Dyfed-Powys Police in park festive quad bike warning
Parents are being urged to think carefully before giving any form of motorbike to their children as Christmas presents.
Dyfed-Powys Police and Brecon Beacons National Park are warning about safety, while tackling illegal off-roading.
The advice coincides with a new leaflet designed to educate riders about their rights and responsibilities.
The European ATV (All Terrain Vehicle) Safety Institute urged new quad bike owners to take a safety course.
The national park said motorbikes could only be ridden by over-16s with a licence, an MOT, insurance and safety equipment, but quad bike manufacturers make 50cc models targeted at six--11-year-olds.
Officials said the machines could legally be ridden on public roads, byways open to traffic and on private land with the owner's permission.
However, it is illegal to ride them on footpaths, bridle ways, restricted byways, common land, national park land and any other land without the landowner's consent.
The police advised parents to think "safety first".
Sgt Kelvin Briggs of Dyfed-Powys Police said: "Motorcycles and quad bikes are always a popular choice for Christmas presents, and we want to make sure parents are aware of the dangers and problems that accompany these vehicles before they buy them as Christmas presents.
"Parents need to think safety first and make sure they inform their children where they can ride safely and legally. We understand that many parents and children may not be aware of the legal requirements associated with the use of motorcycles, but we are more than happy to offer appropriate advice."
Judith Harvey of the national park authority said: "After the Christmas period we usually experience an increase in illegal activity on our protected landscapes and the wet weather makes our countryside even more fragile and susceptible to damage."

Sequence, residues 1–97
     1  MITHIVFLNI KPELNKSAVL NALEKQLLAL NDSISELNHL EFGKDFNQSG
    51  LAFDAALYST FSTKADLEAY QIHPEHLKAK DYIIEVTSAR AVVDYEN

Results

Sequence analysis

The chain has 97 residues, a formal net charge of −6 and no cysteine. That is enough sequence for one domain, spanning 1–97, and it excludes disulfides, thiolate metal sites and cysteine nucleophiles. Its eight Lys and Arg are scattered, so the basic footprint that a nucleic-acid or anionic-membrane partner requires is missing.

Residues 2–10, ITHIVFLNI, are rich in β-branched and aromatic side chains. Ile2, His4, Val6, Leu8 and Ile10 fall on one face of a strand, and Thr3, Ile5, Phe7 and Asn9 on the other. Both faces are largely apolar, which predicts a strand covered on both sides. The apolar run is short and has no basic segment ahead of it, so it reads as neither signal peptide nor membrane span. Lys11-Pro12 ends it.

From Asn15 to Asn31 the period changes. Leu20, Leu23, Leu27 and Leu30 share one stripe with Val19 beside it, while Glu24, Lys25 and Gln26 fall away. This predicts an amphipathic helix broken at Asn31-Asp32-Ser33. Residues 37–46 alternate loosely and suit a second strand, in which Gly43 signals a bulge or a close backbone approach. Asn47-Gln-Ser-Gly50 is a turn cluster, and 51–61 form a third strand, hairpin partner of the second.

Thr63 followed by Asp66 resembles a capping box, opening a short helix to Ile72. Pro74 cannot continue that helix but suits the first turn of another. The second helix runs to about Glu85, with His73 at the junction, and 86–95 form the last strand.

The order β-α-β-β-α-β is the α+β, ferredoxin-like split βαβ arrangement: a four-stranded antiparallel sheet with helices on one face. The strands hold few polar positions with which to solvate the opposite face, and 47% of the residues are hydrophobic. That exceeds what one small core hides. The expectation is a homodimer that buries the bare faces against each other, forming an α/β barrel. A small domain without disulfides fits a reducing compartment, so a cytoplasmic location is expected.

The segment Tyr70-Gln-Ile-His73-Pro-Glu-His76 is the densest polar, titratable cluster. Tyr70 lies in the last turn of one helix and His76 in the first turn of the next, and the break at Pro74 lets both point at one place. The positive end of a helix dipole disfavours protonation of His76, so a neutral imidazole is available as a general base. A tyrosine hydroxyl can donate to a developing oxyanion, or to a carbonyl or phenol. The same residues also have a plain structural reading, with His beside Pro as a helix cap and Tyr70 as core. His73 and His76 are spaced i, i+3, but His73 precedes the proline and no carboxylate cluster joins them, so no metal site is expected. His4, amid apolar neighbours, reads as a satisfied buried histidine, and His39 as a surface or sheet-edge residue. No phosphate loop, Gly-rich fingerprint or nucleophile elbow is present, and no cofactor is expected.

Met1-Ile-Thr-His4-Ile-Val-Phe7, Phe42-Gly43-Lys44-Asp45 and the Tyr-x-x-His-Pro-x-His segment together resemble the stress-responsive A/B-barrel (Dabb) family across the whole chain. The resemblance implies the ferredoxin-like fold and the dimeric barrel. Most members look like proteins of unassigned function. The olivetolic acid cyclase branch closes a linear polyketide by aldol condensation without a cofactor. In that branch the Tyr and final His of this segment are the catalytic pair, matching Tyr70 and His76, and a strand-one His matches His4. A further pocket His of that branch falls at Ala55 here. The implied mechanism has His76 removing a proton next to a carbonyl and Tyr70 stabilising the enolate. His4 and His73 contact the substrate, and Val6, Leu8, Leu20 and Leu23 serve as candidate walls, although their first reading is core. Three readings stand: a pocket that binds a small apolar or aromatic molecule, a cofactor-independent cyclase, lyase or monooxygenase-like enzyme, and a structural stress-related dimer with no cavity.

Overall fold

The European ATV Safety Institute is sponsored by the manufacturers Honda, Suzuki, Yamaha, Kawasaki and Polaris to provide a free safety course for new quad bike owners, aged six and upwards.
People buying second hand ATVs have to pay £90. The course is also open to people who do not own ATVs at a cost of £180.
Amy Morris of the institute said: "There are 42 locations around the UK and Ireland where these courses can be taken. Adults and children, from aged six and upwards, can take the course.
"A section centres on safety and responsible practices. It advises riders to have the landowners' permission before rising on land and provides information about restrictions concerning rights of way."
Ms Morris said dealers also provided advice about where to ride safely and Quad Bike Magazine had a "where to ride" section.
She added: "It's vital children and adults take advantage of an ATV safety course. They are tricky machines to ride and it's imperative riders receive advice."